I'm trying to create a batch file to pull the total size and free space of the C:\ drive of servers (locally run script). I also need the output to be easily readable, so bytes is not going to work, so I'm ok with having a command line that creates a temp .vbs file.

The following seems like it could work, but the formatting/math isn't correct.

for /f "tokens=6" %a in ('fsutil volume diskfree C: ^| find "of bytes"') do set diskspace=%a
echo wsh.echo FormatNumber(cdbl(%diskspace%)/1024, 0) > %temp%.\tmp.vbs
for /f %a in ('cscript //nologo %temp%.\tmp.vbs') do set diskspace=%a
del %temp%.\tmp.vbs
echo For example %diskspace%

The above commands are also only showing free space... I would like total size too... Wondering if the following command might be better for pulling the info:

WMIC LOGICALDISK GET Name,Size,FreeSpace | find /i "C:"

Note also that I want this to be able to be copy/pasted directly into a command prompt (not a batch file - forced requirements). I've already removed the "%%"'s from the code above.

Note: Needs to run natively on Server 2003+ (so Powershell is out, as well as any 3rd party utils).

  • what version of windows? – EBGreen Apr 1 '15 at 16:51
  • Server 2003+, natively. Update my original post to reflect this. – BondUniverse Apr 1 '15 at 17:06

Under the not a batch file - forced requirements clause, next cmd one-liner could help:

for /f "tokens=1-3" %a in ('WMIC LOGICALDISK GET FreeSpace^,Name^,Size ^|FINDSTR /I /V "Name"') do @echo wsh.echo "%b" ^& " free=" ^& FormatNumber^(cdbl^(%a^)/1024/1024/1024, 2^)^& " GiB"^& " size=" ^& FormatNumber^(cdbl^(%c^)/1024/1024/1024, 2^)^& " GiB" > %temp%\tmp.vbs & @if not "%c"=="" @echo( & @cscript //nologo %temp%\tmp.vbs & del %temp%\tmp.vbs


==>for /f "tokens=1-3" %a in ('WMIC LOGICALDISK GET FreeSpace^,Name^,Size ^|FIND
STR /I /V "Name"') do @echo wsh.echo "%b" ^& " free=" ^& FormatNumber^(cdbl^(%a^
)/1024/1024/1024, 2^)^& " GiB"^& " size=" ^& FormatNumber^(cdbl^(%c^)/1024/1024/
1024, 2^)^& " GiB" > %temp%\tmp.vbs & @if not "%c"=="" @echo( & @cscript //nolog
o %temp%\tmp.vbs & del %temp%\tmp.vbs

C: free=79,11 GiB size=111,45 GiB

D: free=929,47 GiB size=931,51 GiB


I realize you're looking as VBS right now, but PowerShell can do this very easily:

$disk = Get-WmiObject Win32_LogicalDisk -Filter "DeviceID='C:'" | Select-Object Size, FreeSpace

Write-Host ("{0}GB total" -f [math]::truncate($disk.Size / 1GB))
Write-Host ("{0}GB free" -f [math]::truncate($disk.FreeSpace / 1GB))

First line gets the disk info from WMI (just does C: in this example), and selects just the Free Space and Total sizes.

In the next two lines write the Free Space and Total sizes to the console, formatted to be in GB, with fractions truncated off.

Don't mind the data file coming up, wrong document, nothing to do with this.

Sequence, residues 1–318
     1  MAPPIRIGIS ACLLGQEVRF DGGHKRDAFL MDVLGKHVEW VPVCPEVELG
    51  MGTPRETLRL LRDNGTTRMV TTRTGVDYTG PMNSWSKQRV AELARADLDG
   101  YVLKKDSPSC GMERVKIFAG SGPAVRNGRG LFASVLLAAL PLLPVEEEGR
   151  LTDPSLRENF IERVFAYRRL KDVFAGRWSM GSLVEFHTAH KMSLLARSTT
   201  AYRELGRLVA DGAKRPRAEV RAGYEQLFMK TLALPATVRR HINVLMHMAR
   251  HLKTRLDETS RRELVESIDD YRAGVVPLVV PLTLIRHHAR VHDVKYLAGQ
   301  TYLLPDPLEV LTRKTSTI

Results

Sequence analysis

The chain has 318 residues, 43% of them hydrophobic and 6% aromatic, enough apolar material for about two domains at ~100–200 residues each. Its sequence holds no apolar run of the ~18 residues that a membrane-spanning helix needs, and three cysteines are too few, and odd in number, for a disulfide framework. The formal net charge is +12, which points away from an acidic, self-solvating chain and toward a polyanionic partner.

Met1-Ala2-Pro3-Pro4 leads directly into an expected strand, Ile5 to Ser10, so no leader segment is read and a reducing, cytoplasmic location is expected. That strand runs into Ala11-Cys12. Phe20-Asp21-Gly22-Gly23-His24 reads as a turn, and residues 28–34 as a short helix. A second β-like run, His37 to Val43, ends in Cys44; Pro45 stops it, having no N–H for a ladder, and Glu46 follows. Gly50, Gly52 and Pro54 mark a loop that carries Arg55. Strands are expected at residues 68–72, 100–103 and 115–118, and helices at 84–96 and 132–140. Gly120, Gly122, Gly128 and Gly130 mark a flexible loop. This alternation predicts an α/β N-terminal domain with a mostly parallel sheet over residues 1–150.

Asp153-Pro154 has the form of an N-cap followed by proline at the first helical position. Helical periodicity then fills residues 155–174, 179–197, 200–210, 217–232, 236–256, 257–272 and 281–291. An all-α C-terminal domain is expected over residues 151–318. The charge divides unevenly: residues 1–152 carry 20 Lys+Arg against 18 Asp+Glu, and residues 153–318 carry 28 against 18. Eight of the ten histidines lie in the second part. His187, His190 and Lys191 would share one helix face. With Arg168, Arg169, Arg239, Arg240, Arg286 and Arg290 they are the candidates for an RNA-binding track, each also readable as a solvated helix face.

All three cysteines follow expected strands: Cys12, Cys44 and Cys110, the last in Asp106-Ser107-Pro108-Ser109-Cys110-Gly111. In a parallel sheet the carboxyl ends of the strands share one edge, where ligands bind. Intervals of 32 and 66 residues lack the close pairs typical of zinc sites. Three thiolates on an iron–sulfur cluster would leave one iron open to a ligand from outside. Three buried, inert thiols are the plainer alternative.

Example output (as-is):

223GB total
125GB free
  • Forgot to put a note about that... Need it to work natively on Server 2003+ (since Powershell isn't native in 2003, can't use it). Definitely would have been easier with Powershell though! – BondUniverse Apr 1 '15 at 17:05

Divide by 1024 to get kibytes (2^10). Divide by 1024 x 1024 to get Mibytes (2^20). Divide by 1024 x 1024 x 1024 to get Gibytes (2^30).

Windows calls these units kilobytes, Megabytes, and Gigabytes for historical reasons. I think my casing is right.

So change your sums.


In a batch file, you can get the disk size in GB of a specified disk by using a DiskPart script. In this example, I'm setting the specific disk index according to its model name (assuming there's only one like it in the computer). Change the string "SATA Disk" to match your disk drive's model. You can get the model name by running the command "wmic diskdrive get Model, Index" in cmd.

Of course, you can use a different property of the disk in the wmic command - type wmic diskdrive get /? to get a list of all disk properties you can use.

for /f %%I in ('wmic diskdrive get Model^, Index ^| find "SATA Disk"') do set DISK_Index=%%I

if not exist %~dp0Disk_Size.script (echo list disk > %~dp0Disk_Size.script)
@echo off
FOR /F "tokens=4 delims= " %%J in ('diskpart /s %~dp0Disk_Size.script ^| find "Disk %DISK_Index%"') do set DISK_SIZE=%%J
IF %ERRORLEVEL% EQU 1 (echo No Data was processed, cannot get DISK_SIZE)


If you just need to check if the drive have enough free space (to install or copy something for example) you can try wmic query like this:

wmic LogicalDisk where "DeviceID='c:' and FreeSpace > 10737418240" get DeviceID 2>&1 ^ | find /i "c:" >nul || (echo not enough space&exit 1)

this will break batch file execution if there is less than 10Gb free on C:

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